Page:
Lotus Notes is now a few months of officially turning 20.  As these two recent blog entries highlights, a lot of people remember the younger Lotus Notes and don't know what it looks like today...

Aaron Paxson, "A second look at Lotus Notes":

For those that refuse to check it out, simply because of past experience, you are allowing your pride and stubborness to prevent you from really seeing the greatness of Lotus.
Do I think it is for everyone?  No, certainly not.  But I do want those that hate Lotus to give it a chance.  If you still hate it, no problem.  But, stop saying Lotus is the worse thing in the world, without giving the new version a chance.
Aaron, who has gone from Notes admin to Exchange admin, then goes on to list things he likes about Notes/Domino vs. Exchange/Outlook, including scalability, reliablility, client and server managability, security, migration, licensing, platform, and chat.  Not bad.

Scott Good, "Myths about Notes (and Domino)":
I'm surprised how often I hear people spouting off information about Notes and/or Domino that is more than innaccurate, it's just plain wrong. And always, it seems, from people supremely-confident in the rightness of their wrongness. ...

These are the Myths of Domino and just like the years-gone-by myths of dragons or sea creatures or Minataurs, what irritates me most about them is how often they come from people who (a) should know better, and (b) are in positions of authority to make poor decisions on the basis of them.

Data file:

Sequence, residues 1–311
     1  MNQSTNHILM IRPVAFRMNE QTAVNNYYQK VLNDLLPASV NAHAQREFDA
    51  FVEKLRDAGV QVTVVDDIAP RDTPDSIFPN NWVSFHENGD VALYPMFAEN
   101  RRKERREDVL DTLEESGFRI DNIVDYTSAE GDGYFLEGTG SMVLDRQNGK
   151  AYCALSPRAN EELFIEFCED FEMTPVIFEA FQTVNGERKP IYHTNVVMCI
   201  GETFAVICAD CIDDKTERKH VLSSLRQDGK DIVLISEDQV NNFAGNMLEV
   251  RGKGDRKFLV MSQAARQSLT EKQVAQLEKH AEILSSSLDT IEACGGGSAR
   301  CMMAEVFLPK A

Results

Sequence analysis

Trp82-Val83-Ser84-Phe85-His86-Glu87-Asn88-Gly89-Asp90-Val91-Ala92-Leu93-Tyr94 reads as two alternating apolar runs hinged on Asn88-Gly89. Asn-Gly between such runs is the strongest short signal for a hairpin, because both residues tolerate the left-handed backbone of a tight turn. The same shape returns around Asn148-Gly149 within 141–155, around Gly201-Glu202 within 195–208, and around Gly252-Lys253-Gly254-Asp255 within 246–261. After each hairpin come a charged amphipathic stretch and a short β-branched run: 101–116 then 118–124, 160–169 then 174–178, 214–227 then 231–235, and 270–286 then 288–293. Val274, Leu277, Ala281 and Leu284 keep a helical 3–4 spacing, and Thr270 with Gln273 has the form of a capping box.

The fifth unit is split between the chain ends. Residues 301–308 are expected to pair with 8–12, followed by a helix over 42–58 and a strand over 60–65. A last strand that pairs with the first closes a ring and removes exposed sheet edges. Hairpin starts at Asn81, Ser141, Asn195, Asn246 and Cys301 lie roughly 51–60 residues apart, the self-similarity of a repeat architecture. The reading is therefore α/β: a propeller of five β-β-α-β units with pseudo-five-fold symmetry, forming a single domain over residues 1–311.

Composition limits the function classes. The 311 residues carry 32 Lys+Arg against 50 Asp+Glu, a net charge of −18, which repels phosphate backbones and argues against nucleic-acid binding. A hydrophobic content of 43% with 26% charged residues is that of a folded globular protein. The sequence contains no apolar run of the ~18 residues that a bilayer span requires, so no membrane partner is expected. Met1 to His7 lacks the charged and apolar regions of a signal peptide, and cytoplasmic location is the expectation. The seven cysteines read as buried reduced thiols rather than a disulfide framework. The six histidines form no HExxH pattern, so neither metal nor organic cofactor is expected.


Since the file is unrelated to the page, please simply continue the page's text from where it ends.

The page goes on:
We have come to the point that some of our proposals now contain an entire section devoted to addressing some of the most pervasive (and damaging) of these myths. I thought I might share some of the more damning with you and hopefully you'll share the ones you've heard, too.
Now, I have been criticized for saying essentially the same thing as Scott -- "don't blame the customer" I am told.  And yes we are taking steps to help ensure more and more of our clients have a current understanding of what Lotus is all about.  Scott's blog does a nice, visual job of disproving some of the current myths, about user interface characteristics, web services, data access, database size, and workflow/rules engines.

Take a look at both postings and recognize the capabilities and technological power you have today with Notes/Domino 8.x.  It might serve as a good reminder that part of "selling" Notes/Domino within your organization is addressing those who seem to remember when Notes was a pimply-faced pre-teen or still in diapers, and don't realize that it's moving into its third decade as a confident, mature 20-year-old.

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